The hunger for knowledge and wisdom can motivate students to learn. They hope to widen their horizons through reading, watching educational programs, travelling and other ways. To them, the world is a fascinating place, full of wonders and mysteries to unravel. Their love of learning motivates them to seek knowledge in all areas, from science and mathematics to arts.

Teaching implications
Teaching implications words)

  • Encourage self-management of vocabulary learning by students

  • Websites which offer frequency-based words in mini-contexts can provide some short-cuts to incidental (random) vocabulary growth.

  • Process writing can develop awareness of lexical richness.

Useful websites
Useful websites words)

  • Tom Cobb (University of Quebec at Montreal):


  • Paul Nation (University of Wellington):


  • Some articles, references, wordlists:


Topic strand paradigmatic
Topic Strand (paradigmatic) words)

  • Deliberate organization of words into hierarchies.

  • Develops associative networks.

  • Encourages efficient vocabulary learning.

Encourage the development of associations
Encourage the development of associations words)

  • Paradigms are fixed (but ‘open’)

  • Other associations are more personal (e.g. accoustic, visual, ‘linkword’)

Assumptions about paradigmatic arrangement
Assumptions about paradigmatic arrangement words)

  • Allows for efficient vocabulary growth because the system is ‘open’ and allows for additions

  • Associated with Receptive vocabulary knowledge in particular

  • Retrieval of words operates through the “cohort” principle

Syntagmatic arrangement
Syntagmatic arrangement words)

Topic: transport

Car – drive – fast – wet – road

Brakes – skid – collide - accident

Assumptions about syntagmatic arrangement
Assumptions about syntagmatic arrangement words)

  • Associated with Productive vocabulary because it is based on the words which tend to occur together in sentences.

  • The associations are based on collocations rather than semantic categories

Word associations in l1 and l2
Word Associations in L1 and L2 words)

  • Same or different?

Associates with king

QUEEN 44 0.45 words)

KONG 18 0.19

CROWN 4 0.04

PIN 3 0.03

CHARLES 2 0.02

COLE 2 0.02

GEORGE 2 0.02

MAKER 2 0.02

THRONE 2 0.02

BEE 1 0.01

CARD 1 0.01

CARDS 1 0.01

CASTLE 1 0.01

CHAIR 1 0.01

CHESS 1 0.01

CHRIST 1 0.01

COUNTRY 1 0.01

CROSS 1 0.01

DAY 1 0.01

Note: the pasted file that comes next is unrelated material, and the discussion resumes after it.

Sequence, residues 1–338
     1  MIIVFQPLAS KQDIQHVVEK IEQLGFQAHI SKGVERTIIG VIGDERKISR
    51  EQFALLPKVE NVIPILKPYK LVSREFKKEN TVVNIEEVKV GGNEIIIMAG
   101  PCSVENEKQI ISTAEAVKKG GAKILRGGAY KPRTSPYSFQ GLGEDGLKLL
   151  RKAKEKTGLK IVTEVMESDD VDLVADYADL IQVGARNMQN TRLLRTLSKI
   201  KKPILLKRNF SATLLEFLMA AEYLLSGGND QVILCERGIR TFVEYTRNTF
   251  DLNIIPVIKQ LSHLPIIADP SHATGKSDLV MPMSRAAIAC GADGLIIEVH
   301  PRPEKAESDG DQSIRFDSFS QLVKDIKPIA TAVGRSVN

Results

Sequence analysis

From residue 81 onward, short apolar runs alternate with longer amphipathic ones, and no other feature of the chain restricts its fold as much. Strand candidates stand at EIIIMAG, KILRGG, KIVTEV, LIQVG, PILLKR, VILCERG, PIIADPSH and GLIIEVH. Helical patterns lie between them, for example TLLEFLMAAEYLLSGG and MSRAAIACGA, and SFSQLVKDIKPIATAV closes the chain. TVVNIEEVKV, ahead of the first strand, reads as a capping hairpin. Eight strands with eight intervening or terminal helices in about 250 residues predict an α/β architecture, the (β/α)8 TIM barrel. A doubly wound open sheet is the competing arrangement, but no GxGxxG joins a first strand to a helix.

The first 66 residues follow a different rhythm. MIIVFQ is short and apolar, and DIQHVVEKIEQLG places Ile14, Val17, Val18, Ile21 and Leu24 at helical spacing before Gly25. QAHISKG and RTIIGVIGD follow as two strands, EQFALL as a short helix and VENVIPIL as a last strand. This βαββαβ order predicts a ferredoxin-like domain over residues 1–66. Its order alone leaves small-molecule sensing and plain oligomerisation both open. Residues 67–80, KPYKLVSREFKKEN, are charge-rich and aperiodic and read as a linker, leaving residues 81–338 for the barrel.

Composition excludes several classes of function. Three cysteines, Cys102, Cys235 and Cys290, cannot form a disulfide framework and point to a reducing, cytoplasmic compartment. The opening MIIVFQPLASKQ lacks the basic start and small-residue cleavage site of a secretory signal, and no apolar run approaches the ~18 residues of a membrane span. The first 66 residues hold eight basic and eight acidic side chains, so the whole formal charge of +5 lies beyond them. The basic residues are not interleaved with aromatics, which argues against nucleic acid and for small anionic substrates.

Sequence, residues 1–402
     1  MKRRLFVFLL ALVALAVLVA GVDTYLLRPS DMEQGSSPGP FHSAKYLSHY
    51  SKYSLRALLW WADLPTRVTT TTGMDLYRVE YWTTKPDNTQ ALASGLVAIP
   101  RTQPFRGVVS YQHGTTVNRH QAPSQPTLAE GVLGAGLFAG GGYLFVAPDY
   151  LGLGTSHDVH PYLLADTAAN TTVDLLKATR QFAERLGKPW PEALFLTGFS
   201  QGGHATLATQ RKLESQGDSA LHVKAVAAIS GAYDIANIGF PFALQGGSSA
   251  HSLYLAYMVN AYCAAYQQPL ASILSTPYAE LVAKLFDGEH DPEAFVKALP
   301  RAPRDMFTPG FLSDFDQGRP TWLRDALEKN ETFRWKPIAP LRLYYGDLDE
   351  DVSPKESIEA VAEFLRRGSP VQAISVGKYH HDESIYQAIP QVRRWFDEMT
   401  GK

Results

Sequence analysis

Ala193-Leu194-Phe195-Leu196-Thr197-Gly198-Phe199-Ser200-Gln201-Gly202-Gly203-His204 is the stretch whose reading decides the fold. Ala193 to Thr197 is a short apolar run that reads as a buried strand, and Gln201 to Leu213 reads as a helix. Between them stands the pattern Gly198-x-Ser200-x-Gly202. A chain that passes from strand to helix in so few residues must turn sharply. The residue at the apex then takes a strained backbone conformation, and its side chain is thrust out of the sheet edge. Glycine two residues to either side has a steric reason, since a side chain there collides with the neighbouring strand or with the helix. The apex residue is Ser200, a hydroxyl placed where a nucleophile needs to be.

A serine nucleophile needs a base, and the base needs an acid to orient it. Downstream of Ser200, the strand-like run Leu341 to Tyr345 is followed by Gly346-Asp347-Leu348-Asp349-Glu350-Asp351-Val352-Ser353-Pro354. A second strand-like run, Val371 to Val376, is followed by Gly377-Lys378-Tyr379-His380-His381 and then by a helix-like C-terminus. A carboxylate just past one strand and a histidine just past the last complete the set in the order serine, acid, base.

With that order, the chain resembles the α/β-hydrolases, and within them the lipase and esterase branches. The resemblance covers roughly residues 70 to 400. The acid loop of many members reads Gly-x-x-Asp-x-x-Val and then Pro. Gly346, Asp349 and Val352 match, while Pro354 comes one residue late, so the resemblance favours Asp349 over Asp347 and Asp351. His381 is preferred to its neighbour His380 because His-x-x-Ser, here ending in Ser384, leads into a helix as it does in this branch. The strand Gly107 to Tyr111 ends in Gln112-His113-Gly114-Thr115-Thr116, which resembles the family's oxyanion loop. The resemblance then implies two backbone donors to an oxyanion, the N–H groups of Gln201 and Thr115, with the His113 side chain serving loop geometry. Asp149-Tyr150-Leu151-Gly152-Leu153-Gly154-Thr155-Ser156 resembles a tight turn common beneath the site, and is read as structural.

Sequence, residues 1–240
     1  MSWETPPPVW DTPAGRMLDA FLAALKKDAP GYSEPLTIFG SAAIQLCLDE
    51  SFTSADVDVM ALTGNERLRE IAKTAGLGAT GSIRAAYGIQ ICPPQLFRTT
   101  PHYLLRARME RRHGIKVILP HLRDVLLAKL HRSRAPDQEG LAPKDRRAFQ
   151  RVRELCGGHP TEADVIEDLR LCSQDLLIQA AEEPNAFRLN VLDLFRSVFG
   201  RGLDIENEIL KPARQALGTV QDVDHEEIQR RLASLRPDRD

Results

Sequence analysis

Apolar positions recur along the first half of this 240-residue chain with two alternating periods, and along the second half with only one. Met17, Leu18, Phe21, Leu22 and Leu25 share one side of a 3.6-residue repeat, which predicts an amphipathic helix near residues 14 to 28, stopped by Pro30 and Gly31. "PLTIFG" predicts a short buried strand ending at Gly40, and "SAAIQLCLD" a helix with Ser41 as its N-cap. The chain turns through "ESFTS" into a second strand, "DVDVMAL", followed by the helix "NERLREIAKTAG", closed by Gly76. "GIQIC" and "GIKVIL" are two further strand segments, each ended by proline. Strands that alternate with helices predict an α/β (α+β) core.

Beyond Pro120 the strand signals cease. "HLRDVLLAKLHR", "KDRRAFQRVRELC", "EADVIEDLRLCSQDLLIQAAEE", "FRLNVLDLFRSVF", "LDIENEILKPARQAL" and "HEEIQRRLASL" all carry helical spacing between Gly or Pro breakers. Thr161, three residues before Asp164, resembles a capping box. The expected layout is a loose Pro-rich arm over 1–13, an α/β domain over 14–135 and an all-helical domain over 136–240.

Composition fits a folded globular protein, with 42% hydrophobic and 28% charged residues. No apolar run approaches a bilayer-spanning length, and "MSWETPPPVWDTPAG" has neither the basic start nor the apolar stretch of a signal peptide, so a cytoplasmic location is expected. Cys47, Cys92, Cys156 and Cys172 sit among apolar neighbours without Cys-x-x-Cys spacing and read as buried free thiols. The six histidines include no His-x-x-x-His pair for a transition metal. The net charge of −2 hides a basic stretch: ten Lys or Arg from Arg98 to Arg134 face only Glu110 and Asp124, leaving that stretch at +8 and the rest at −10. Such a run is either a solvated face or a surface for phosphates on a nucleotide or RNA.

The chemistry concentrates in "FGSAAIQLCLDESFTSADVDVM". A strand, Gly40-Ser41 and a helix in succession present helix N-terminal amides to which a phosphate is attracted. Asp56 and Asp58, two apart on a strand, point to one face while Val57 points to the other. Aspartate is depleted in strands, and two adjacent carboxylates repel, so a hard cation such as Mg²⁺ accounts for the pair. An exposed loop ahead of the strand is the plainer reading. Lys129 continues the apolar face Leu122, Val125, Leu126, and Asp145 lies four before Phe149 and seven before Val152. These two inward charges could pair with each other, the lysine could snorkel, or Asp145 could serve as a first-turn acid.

JUDGE 1 0.01

LOUIS 1 0.01

ME 1 0.01


ORDER 1 0.01

ROAD 1 0.01

SIZE 1 0.01

SNOW 1 0.01

Associates with “king”

Associations with boy

GIRL 78 0.78 words)

CHILD 2 0.02

FRIEND 2 0.02

MAN 2 0.02

SCOUT 2 0.02

YOUTH 2 0.02

BARRY 1 0.01


CAP 1 0.01

HEN 1 0.01

HOOD 1 0.01

MALE 1 0.01


SCHOOL 1 0.01

SHIP 1 0.01

SON 1 0.01

VIGOUR 1 0.01

YOUNG 1 0.01

Associations with “boy”

Associations with car

WHEEL 9 0.09 words)

DRIVER 5 0.05

BUS 4 0.04

DRIVE 4 0.04

LORRY 4 0.04

MORRIS 4 0.04

PARK 4 0.04

PETROL 3 0.03

RED 3 0.03

TRAFFIC 3 0.03

VEHICLE 3 0.03

AUSTIN 2 0.02

AUTO 2 0.02

BIKE 2 0.02

CRASH 2 0.02

ENGINE 2 0.02

MOTOR 2 0.02

RIDE 2 0.02

TRIP 2 0.02

VAN 2 0.02

WASH 2 0.02

ANTIQUE 1 0.01

BICYCLE 1 0.01

BLUE 1 0.01

Associations with “car”

Associations with table

CHAIR 36 0.36 words)

CLOTH 13 0.13

TOP 9 0.09

TENNIS 5 0.05

MAT 4 0.04

BOOK 3 0.03

FOOD 3 0.03

FLAT 2 0.02

LAMP 2 0.02

SALT 2 0.02

BASE 1 0.01

BROWN 1 0.01

CHAIRS 1 0.01

DINNER 1 0.01

EAT 1 0.01

EATING 1 0.01

FAT 1 0.01

KNIFE 1 0.01

Associations with “table”

Associations for

FOOD 15 0.16 words)


MEAL 6 0.06

YELLOW 6 0.06

CHINK 4 0.04

EYES 4 0.04

LAUNDRY 4 0.04

MAO 4 0.04

RED 3 0.03

WHITE 3 0.03



MAN 2 0.02


PEOPLE 2 0.02

CHINA 1 0.01

CHINKS 1 0.01

CHOP-SUEY 1 0.01

CHOPS 1 0.01

CHOW 1 0.01

COMMIE 1 0.01


CURRY 1 0.01

JUNK 1 0.01


LANTERN 1 0.01

Associations for “?”

Patterns of l1 and l2 word association
Patterns of L1 and L2 word association words)

  • In L1, HF words tend to have close and stable associations, which suggests that large vocabularies are stored in well organised networks.

  • In L2, words tend to be less systematically organised, at least at lower levels of L2 proficiency

Collocation strand syntagmatic
Collocation Strand (syntagmatic) words)

  • Word combinations are the key to productive use of English.

  • Focus on multi-word units.

  • Collocations:

    “Go shopping” “have a shower” “play football”

  • Multi-word units:

    “See you later” “Have a good trip!”

The generic textbook sentence
The words)“generic” textbook sentence